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The Adlerian Approach to Psychotherapy

The Adlerian approach

Alfred Adler was a colleague of Freud’s in Vienna. He became interested in psychology following his observations, as a doctor, that physically healthy patients would often have genuine physical symptoms. After a few years, it became clear that his views were quite different from Freud’s and they went their separate ways.

Theoretical assumptions

Adlerian therapy is an holistic socio-teleological approach. Quite a mouthful (one that will impress your friends at dinner parties), but what does it mean?

  • Holistic: Adler used the term holistic to describe the idea that a person is a person, and not something to take apart and view as a grouping of conflicts.
  • Social: people are part of social groupings and behaviour cannot be understood without considering this context.
  • Teleological: the definition of this is “a system of morality in which the proper choice among tow or more options is based on their practical consequences. Whichever choice has the best (or least worse) outcome is the moral decision”. (Incidentally the antonym is deontological, just in case you were wondering). So, in terms of Adler, this means that all behaviour has a purpose and people are driven towards goals of which they may not be aware. They are also possibly unaware of the logic that helps them determine their goals and the way they pursue them.

Adler believed that people choose how to respond to their inherited qualities and their environment and their concept of themselves and of life provides a guideline called lifestyle and their rules, ideas and beliefs are their private logic. This is created in childhood and contains generalisations and oversimplifications.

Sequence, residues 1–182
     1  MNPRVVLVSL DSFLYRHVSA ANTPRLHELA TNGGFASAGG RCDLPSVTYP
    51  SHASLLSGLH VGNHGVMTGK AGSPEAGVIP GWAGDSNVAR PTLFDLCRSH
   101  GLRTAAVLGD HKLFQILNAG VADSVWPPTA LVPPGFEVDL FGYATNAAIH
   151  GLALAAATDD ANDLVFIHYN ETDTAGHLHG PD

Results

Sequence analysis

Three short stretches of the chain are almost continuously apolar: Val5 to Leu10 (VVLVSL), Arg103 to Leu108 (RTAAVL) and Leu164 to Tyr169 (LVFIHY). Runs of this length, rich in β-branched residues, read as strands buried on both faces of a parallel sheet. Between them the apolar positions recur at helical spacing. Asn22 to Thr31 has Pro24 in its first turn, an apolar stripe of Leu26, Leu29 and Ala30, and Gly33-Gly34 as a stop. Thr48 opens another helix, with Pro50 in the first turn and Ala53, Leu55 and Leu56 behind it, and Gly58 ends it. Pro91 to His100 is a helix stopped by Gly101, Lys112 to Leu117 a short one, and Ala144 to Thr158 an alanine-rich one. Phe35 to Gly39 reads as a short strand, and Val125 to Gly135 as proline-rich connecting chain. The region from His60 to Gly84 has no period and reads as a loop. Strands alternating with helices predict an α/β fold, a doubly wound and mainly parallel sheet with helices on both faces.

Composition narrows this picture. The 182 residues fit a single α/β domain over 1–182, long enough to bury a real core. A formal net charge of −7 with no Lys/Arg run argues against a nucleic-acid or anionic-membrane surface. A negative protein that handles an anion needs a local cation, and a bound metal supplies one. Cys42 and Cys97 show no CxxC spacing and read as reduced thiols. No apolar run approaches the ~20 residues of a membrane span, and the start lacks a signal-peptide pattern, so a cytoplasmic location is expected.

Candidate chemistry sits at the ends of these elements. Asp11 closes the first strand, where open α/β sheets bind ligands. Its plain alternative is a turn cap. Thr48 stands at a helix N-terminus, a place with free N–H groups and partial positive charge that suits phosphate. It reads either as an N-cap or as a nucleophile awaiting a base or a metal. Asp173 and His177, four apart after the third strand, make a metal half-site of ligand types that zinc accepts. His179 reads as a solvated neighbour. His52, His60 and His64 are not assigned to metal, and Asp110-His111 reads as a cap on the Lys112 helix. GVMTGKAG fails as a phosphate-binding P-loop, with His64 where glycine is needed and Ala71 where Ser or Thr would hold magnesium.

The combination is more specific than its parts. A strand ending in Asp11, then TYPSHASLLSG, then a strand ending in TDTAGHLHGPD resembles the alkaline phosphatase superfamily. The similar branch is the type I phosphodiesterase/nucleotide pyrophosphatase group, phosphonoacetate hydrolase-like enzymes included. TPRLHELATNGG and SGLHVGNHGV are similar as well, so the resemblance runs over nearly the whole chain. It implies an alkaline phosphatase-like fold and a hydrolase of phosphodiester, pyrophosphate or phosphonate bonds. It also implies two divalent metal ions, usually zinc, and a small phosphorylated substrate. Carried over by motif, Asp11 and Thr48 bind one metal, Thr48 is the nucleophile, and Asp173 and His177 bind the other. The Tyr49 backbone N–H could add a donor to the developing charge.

Everyone has an innate need to belong to a family, and wider groups but is born in an inferior position so needs to strive to fulfil this need. If the person develops the feeling that they are an equal member of the human race and has a useful part to play and is willing to play it, all is well, but this potential is damaged if the person feels inferior, unsure of their place and unable to contribute.

Adler believed that our attitude to life determines behaviour, we behave as if our perceptions are true, life turns our as we expect and people respond as we expect.

He further believed that mental health is measured by the amount of social interest a person has. He uses the word courage to describe activity plus social interest, therefore a person who is acting with social interest is encouraged. They then have a positive attitude toward the self, self-confidence and self-respect. Therefore the goal of being mentally healthy means belonging as social equals in whichever groups one has to or chooses to belong to.

There are five major life tasks:

  • Occupation
  • Love
  • Friendship
  • Getting on with oneself
  • Relationship to the cosmos

Adler recognised that the problems start when a person feels inferior. They then typically strive to feel superior which is unreal and so they struggle with the life tasks.

Perpetuation of disturbance

People do not develop neuroses if they feel they can function adequately, but they develop as soon as people feel unable to fulfil obligations. This might be in any area of life and the symptoms will be the excuse for not fulfilling them adequately or at all.

Much of the influence begins in childhood with parenting and education. Adler believed that pampering and spoiling were as bad as neglect in terms of preparing children adequately for adulthood and that “mistake-centred” education was discouraging. Also a child’s perception of their family position is critical, and Adler believed that a competitive family atmosphere was unhelpful.

It is important to note that this theory suggests that a person may have no disturbing symptoms even if they have these issues if they have created a lifestyle which accommodates them, ie if their lifestyle is in harmony with their environment. For example, if a child has been pampered and as an adult finds others to continue this role, they may be “ok”, but if that system breaks down then symptoms will occur.

Shaun Brookhouse


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